Studies (Prendergast et al 2002, Wee, Tan & Cheok 1995) conclude that there are product-category-specific criteria for purchasing fakes. Product attribute variables such as durability are of much bigger importance when consumers consider buying counterfeits of functional products. In the decision-making process for the purchase of counterfeit fashion or symbolic products, product attribute variables such as image and physical appearance are prioritised.
The fight against piracy and counterfeiting is regarded to be particularly difficult by Ang et al (2001) as they found that both buyers as well as non-buyers of illicit goods do not consider individuals buying counterfeits to be unethical. The idea that purchasing counterfeits is at least in some way wrong or unethical seems to be completely absent in Asia. Ang et al (2001) even report that prospective buyers of fakes employ double standards in that that they do not hold themselves accountable for their action but hold the sellers of counterfeits responsible instead. The most severe example of this attitude may be confined to Asia; however a similar attitude is evident in developed economies. Bloch et al (1993) found that over one third of the population of their study, which was conducted in the Southeastern US, appear willing to become accomplices in counterfeit activity when given the opportunity.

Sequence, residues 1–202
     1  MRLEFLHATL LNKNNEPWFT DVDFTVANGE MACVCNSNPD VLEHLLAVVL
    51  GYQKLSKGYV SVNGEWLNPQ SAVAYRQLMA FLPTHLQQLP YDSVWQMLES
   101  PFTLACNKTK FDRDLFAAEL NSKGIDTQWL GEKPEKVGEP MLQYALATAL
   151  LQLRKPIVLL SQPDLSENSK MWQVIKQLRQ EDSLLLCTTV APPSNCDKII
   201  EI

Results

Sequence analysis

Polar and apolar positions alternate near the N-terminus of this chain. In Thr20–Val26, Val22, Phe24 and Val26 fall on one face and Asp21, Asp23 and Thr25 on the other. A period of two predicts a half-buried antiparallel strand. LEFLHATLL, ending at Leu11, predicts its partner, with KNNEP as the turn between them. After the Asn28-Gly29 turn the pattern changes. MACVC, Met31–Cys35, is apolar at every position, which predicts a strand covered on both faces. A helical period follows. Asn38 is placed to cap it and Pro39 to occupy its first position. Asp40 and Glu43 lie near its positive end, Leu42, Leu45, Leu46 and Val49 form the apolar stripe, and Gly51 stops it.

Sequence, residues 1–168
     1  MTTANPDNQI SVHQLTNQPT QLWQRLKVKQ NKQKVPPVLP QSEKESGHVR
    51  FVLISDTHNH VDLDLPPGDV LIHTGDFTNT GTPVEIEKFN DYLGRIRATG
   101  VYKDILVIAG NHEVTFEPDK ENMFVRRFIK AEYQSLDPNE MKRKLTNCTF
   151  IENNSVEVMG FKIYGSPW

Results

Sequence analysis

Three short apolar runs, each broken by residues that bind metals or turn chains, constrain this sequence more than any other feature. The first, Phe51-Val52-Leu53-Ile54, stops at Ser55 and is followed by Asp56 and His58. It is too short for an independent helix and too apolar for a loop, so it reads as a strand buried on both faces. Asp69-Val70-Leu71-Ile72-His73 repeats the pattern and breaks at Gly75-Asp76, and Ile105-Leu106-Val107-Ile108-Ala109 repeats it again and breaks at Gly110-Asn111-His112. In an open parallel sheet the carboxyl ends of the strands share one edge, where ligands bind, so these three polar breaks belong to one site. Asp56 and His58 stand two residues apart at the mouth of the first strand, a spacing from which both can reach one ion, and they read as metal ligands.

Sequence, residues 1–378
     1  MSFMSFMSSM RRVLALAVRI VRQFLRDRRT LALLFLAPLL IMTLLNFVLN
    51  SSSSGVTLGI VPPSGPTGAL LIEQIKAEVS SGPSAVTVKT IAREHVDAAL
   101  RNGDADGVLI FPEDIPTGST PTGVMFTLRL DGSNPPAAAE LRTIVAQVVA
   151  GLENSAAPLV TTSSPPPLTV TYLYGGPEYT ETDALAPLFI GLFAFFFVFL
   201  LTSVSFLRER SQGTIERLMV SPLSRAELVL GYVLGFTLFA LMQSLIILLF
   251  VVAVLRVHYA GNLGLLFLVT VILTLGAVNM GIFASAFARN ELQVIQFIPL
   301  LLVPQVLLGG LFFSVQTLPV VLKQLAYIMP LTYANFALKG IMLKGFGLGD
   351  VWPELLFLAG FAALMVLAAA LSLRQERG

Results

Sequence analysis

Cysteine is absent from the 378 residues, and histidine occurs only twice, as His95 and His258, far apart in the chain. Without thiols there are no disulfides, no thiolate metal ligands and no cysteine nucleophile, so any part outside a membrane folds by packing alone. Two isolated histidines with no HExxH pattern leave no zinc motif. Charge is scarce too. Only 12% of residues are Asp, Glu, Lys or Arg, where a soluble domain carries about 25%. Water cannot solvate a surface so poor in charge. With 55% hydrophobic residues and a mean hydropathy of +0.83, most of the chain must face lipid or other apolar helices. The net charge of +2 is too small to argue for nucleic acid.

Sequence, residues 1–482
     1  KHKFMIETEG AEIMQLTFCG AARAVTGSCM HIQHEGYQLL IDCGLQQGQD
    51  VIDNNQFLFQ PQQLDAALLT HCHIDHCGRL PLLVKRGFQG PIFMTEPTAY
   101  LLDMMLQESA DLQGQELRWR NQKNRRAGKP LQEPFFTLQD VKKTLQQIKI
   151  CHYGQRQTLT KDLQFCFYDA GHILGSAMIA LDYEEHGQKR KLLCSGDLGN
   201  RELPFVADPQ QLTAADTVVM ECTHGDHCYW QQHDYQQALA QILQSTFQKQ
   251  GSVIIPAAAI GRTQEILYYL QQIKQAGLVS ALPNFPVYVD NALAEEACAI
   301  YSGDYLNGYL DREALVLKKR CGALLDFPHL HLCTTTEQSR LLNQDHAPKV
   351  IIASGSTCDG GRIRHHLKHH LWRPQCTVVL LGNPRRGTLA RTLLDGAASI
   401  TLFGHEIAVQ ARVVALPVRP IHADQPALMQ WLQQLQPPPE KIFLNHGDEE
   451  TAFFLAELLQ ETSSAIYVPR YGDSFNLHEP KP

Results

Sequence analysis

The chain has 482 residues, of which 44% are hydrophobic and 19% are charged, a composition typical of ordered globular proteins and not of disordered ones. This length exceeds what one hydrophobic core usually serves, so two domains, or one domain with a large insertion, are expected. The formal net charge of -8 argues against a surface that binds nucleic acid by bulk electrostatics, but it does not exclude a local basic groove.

The legal risks associated with purchasing counterfeits do not always deter as suggested by Wee et al (1995). In fact, Albers-Miller (1999) argues that quite the contrary is the case more often than not. The fear of criminal punishment is intended to deter but individuals are known to get satisfaction out of the performance of deviant acts as a means of rebelling against the system. This argument applies to any illegal action. Specific to piracy and counterfeiting is the attitude of many consumers that they want to get back at large corporations and rich artists as they regard original manufacturers to be charging exorbitant prices. Consumers see how much artists are worth with their luxurious lifestyles and consequently do not see how they could be harming them by buying pirated versions of their creations. Continued reports about “Rip-off Britain” could foster this attitude in the UK across all product categories. “The government’s “Rip-off Britain” campaign has given a certain moral justification to consumers who feel they are getting their own back on overpriced brands by buying fake versions at cut prices” (Benady 2002, p.25). The proliferation of retailers’ own brands, that are usually very similar both in terms of name and packaging can only further facilitate the consumers’ “Robin Hood attitude” that counterfeiting means taking from the rich companies and lower prices for all without any real harm being suffered by anyone.
Such insights into what drives consumers do not leave victim firms with an easy task. Not only do consumers engage in illicit purchases when they are faced with price pressures as the economic consequences influence the tolerance of questionable behaviour (Ang et al 2001) but they also do so knowingly in order to express their view that they are being overcharged and only making rich companies and artists even richer by purchasing their products. “If counterfeit buyers are not deterred by concerns for legality and social welfare and even recognise that they are buying lower quality, what appeal could successfully reduce their participation?” (Bloch et al 1993, p. 35).